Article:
Known as Austin’s first park, this 84-acre public green space has a rich history spanning from ancestral native civilizations to the city’s founding mothers and fathers; its popularity endures with Austinites today. The first phase of the park’s rehabilitation, preservation, and enhancement, completed in collaboration with Ten Eyck Landscape Architects and Mell Lawrence Architects, affects the park’s southernmost tip, affectionately referred to as its “recreational heart and cultural soul” and is the first phase to be implemented from the Master Plan.
Built in the 1920s, the Tudor Cottage is one of the earliest park facility buildings constructed in Austin and sits on a bluff overlooking the southern end of the park. Originally built as a restroom, the cottage was transformed into an ideally-situated event space given its close proximity to park activities. Interior walls were removed to open the space up into a single room, and a new roof structure allows a vaulted ceiling to create a more expansive sense of space while maintaining its original structure. A north-facing glazed opening connects the interior to a large terrace overlooking the park.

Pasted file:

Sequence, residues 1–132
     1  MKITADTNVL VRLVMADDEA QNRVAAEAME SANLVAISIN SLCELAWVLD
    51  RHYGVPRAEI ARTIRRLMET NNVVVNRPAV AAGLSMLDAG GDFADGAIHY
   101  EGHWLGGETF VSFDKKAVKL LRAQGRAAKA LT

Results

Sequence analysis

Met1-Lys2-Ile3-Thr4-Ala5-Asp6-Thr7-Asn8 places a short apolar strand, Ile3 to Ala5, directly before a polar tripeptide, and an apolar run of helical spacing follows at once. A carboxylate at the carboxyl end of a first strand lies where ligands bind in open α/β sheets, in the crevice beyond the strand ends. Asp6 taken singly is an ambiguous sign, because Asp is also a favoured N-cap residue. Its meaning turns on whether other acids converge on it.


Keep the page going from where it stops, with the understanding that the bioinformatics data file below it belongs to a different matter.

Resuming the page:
Located on the park’s western edge near the cottage, two new buildings serve to support the park. With walls of steel mesh for ivy to overgrow, the buildings tuck into the slope of the hill and gently recede into the background. The tree-covered hillside inspired the buildings’ muted material palette of vertical board formed concrete and weathering steel, where the patina will develop with time. A restroom building is organized like a classic dog-trot, with the vanities in the breezeway, looking through the building into the woods beyond. The storage building opens up to a new courtyard connecting the two buildings, where park goers and volunteers can congregate. With amphitheater-like seating built into the hillside, this space is the perfect spot to organize park volunteer workdays or just rest in the shade.